Siouxsie & The Banshees
Tinderbox
1986

Siouxsie & The Banshees are proof of the power of networking. Susan Dallion was one of a group of early Sex Pistols fans who were inspired to go out and make music too. She changed her name to Siouxsie Sioux, which is impossible to type, and recruited the first Banshees in 1976.

Siouxsie’s drummer, John Ritchie, changed his name to Sid Vicious and joined the Pistols. Her first guitar player, Marco Perroni, kept his name but joined Adam & The Ants. She got a guitarist back from the Pistols, Steve Jones, but it didn’t take and he ended up recording with Bob Dylan, Joan Jett, and Iggy Pop. This is starting to read like a LinkedIn profile. When two other band members quit during a tour in 1979, Siouxsie recruited Robert Smith of The Cure and a drummer named Budgie to fill in. Budgie had already changed his name from Peter Edward Clarke. Still with me? Smith eventually went back to The Cure. Budgie eventually married Siouxsie. None of this ever happens at the monthly lunches of the Oregon Columbia chapter of the International Association of Business Communicators.

I’ve written about Siouxsie & The Banshees in my round-up of female acts of the 1980s. I called them (and The Cure) “goth outfits.” That was doing them an injustice. They’re much more than stereotypical black-clad, pale-skinned, bloodless disciples of H.P. Lovecraft who long for death’s ashen caress. They also rock with considerable force…though not on this record.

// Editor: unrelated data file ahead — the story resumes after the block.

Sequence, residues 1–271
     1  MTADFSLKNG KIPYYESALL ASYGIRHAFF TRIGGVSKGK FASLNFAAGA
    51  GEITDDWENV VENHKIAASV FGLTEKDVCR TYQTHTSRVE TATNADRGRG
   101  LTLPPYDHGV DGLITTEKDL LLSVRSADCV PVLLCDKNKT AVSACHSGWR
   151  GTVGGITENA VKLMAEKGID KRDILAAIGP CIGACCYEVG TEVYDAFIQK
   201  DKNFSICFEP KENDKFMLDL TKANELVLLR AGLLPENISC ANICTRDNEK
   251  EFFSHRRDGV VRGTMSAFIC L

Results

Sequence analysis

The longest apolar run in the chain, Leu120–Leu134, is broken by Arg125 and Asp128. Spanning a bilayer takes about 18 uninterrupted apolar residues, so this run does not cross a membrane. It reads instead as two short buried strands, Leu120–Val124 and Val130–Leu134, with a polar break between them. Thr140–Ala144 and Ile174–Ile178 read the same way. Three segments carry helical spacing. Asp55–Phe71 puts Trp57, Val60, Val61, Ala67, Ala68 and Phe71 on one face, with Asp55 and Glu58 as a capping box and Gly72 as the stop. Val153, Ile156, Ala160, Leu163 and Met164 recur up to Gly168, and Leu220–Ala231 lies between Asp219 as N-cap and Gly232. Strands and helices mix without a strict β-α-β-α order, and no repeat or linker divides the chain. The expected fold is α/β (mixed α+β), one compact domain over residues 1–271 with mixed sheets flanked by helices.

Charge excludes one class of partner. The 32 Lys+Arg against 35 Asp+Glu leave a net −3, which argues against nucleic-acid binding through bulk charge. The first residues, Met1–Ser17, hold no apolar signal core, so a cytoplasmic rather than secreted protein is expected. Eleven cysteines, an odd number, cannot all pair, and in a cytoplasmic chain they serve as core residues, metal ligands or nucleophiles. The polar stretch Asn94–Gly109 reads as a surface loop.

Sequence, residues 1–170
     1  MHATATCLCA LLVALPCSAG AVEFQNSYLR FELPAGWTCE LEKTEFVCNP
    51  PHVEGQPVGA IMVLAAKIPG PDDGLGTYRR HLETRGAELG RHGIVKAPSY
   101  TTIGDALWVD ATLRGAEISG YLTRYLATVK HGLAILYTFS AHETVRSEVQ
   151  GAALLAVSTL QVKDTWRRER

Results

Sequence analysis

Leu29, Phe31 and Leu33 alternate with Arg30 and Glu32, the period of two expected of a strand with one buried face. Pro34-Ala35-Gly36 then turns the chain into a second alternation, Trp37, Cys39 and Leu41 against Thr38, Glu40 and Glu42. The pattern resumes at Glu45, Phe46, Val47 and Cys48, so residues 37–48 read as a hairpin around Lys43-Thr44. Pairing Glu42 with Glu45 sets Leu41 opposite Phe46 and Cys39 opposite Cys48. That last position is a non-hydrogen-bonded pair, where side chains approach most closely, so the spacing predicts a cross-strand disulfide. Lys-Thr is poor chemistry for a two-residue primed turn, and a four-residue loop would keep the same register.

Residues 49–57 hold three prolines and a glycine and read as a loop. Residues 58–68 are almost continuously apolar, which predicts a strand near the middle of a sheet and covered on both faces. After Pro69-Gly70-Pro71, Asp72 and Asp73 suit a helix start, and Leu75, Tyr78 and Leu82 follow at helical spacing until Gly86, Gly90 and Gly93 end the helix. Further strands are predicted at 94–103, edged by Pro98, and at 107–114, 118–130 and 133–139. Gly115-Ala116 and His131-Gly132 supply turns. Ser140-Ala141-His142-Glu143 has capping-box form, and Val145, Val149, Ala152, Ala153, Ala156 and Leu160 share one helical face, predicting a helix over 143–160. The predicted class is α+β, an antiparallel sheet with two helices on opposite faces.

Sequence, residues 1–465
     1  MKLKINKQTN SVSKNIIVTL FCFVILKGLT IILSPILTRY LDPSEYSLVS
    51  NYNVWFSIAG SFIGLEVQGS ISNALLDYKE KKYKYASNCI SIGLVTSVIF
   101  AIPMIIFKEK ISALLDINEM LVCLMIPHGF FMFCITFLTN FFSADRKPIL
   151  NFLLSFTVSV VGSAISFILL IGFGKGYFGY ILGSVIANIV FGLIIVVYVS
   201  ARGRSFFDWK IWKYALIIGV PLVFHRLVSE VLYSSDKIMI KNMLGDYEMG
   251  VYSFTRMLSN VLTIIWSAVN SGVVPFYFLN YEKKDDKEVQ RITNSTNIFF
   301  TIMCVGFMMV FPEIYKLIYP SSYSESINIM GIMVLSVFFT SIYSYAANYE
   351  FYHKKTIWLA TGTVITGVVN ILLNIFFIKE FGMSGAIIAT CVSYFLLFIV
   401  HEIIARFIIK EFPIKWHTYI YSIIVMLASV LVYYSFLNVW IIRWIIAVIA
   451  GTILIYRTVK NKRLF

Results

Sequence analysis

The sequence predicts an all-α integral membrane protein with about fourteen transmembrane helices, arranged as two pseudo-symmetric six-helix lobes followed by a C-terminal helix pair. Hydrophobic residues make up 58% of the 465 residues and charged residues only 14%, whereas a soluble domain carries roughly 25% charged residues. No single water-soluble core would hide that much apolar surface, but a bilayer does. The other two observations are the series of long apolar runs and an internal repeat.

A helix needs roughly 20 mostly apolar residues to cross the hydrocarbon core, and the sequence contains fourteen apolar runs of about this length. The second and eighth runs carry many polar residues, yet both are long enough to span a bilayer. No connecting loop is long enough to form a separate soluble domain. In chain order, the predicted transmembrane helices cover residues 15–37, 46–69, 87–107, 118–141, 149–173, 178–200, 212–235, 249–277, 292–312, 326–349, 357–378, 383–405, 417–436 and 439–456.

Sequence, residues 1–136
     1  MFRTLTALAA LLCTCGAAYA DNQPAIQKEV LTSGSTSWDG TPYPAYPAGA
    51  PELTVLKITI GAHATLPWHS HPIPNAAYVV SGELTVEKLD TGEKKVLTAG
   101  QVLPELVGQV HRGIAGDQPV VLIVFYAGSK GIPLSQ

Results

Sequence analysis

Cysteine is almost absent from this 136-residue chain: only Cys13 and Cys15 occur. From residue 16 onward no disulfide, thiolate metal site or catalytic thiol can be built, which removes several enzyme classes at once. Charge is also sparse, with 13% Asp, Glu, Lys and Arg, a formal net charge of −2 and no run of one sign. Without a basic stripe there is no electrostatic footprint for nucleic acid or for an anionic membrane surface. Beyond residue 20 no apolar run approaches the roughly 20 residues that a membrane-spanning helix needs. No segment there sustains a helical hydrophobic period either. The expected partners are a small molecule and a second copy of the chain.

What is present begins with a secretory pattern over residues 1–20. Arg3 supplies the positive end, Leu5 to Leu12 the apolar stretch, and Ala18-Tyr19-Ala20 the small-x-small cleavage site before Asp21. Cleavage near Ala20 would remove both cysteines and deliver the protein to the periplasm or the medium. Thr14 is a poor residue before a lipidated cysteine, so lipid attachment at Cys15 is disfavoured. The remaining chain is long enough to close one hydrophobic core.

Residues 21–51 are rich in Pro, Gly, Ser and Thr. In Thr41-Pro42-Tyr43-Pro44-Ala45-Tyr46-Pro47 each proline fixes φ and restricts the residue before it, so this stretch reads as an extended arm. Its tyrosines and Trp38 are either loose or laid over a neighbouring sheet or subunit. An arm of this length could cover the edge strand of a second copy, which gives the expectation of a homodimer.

Tinderbox is not only misnamed (I don’t hear much on it that’s flammable), it’s so smooth that I can’t always tell which song I’m in. The exceptions, however, are more like the Banshees I remember. “Cities in Dust,” an unblinking glimpse of the apocalypse, was the hit. It’s good – it takes The Pretenders’ “My City Was Gone” one step further and almost makes it danceable – but “Cannons” is the real sleeper. I also like “92 Degrees,” which starts slow but builds to a satisfactorily melancholy finish.

Tinderbox is a record for confirmed Banshees. As for the rest of us, keep networking, because a) you never know, and b) you never know.

Random 1986 Pan of the Day 1
Pretty in Pink soundtrack
When I posted this in 2013, I made Pretty in Pink a Pick. I’ve changed my mind. Echo & The Bunnymen’s “Bring on the Dancing Horses” is the only superlative song, and it’s available everywhere. However, this album is notable for a rare appearance by the strangest name of the 1980s, Belouis Some. Some, who was Neville Keighley when he made his first appearance on earth, had two hits that were popular in ’80s dance clubs: “Some People” and “Imagination.” His contribution here, “Round, Round,” is not in that league. Overall, the Pretty in Pink soundtrack is still better than the soundtrack to The Breakfast Club (1985), but not within a light year of the soundtrack to Singles (1992).

Random 1986 Pan of the Day 2
The Church, Heyday
Midnight Oil without the grit. So otherworldly it can barely be detected through the Hubble Telescope. They had a hit in 1988 with “Under the Milky Way,” which was easily within Perry Como’s comfort range.

 

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